Fastbrick Robotics started trading on the ASX on Wednesday, and was up almost 4 per cent by midday.
It backdoor listed through DMY Capital and in a sign of investor demand for robotic automation, it raised $5.75 million, substantially more than its $3 million target, in an oversubscribed prospectus capital raising.
The capital will be used to fund the construction of the company's Hadrian 109 robots for commercial use, with the first robots expected to be rolled out in Western Australia in 2017.
Fastbrick Robotics chief executive Mike Pivac said the robots would be able to build a house faster and more accurately than traditional methods.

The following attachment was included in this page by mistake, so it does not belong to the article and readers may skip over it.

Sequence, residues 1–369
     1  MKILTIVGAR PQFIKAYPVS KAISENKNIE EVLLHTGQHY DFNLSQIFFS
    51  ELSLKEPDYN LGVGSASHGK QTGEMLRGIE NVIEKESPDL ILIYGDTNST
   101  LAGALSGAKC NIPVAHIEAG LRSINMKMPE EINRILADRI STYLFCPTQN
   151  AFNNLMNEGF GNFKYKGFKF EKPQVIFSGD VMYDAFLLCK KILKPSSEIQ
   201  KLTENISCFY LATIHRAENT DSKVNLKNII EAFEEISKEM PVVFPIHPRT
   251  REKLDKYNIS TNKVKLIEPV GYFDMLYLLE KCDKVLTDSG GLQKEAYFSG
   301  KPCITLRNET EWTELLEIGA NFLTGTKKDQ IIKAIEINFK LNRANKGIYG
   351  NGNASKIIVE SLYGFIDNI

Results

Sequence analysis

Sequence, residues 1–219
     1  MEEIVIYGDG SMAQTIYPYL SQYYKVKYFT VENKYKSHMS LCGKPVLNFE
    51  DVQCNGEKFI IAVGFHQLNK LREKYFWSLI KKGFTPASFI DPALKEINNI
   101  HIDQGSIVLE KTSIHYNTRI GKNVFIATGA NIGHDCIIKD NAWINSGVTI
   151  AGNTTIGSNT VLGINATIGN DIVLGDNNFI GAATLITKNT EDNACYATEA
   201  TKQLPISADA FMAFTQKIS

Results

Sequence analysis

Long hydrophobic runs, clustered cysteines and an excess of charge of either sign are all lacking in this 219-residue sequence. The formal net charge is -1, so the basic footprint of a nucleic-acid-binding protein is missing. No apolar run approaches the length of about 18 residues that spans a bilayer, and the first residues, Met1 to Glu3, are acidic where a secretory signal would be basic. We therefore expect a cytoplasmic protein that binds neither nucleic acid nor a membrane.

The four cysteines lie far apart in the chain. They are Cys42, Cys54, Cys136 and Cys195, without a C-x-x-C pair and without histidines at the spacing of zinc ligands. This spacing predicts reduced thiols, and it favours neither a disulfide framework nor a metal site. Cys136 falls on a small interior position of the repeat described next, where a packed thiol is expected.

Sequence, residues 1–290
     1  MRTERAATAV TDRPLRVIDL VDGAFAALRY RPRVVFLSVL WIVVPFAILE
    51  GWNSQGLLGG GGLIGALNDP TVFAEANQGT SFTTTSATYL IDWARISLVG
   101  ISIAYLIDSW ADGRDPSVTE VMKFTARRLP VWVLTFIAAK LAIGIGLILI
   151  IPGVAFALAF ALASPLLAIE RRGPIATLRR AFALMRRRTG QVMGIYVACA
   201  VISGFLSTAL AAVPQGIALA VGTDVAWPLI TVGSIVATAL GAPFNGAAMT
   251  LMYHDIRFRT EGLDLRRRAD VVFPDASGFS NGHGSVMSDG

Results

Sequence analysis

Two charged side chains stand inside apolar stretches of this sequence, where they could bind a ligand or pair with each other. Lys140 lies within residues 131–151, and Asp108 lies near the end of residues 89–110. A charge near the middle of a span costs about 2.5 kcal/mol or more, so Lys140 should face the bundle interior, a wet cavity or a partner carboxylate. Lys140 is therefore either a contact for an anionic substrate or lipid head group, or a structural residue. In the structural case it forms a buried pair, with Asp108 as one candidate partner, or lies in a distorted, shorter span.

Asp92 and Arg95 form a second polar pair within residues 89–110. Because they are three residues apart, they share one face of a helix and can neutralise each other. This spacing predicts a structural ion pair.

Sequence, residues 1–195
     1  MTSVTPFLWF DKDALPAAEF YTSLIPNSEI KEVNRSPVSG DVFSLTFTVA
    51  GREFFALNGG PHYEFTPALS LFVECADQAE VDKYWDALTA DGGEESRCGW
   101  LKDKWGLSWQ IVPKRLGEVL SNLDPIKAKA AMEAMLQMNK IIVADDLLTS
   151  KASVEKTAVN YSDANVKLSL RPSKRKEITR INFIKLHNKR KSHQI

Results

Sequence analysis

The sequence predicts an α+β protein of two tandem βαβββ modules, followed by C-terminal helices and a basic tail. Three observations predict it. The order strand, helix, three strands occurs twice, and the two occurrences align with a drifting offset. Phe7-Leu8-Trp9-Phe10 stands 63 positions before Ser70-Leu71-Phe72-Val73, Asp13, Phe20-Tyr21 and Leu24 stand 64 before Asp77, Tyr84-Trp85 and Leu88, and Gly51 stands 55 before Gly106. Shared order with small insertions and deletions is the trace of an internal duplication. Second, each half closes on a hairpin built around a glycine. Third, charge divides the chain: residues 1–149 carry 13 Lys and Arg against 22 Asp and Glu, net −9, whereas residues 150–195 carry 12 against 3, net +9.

"The home buyer is the real beneficiary of this. The time it takes to build a standard home is six to eight weeks, so the home buyer will save $20,000 to $30,000," he said.
"We've had commercial interest from 45 countries. The UK and Europe are strong market places for us at the moment. There are skill shortages there which have put upward pressure on house pricing and brick suppliers are very keen for automated systems to transition into the industry over the next few years."
While the robots will put some bricklayers out of a job, Mr Pivac said the idea was to have them work alongside the robots, and to fill the skill shortage in the industry.
If you want to read this article in Japanese, please see the following link: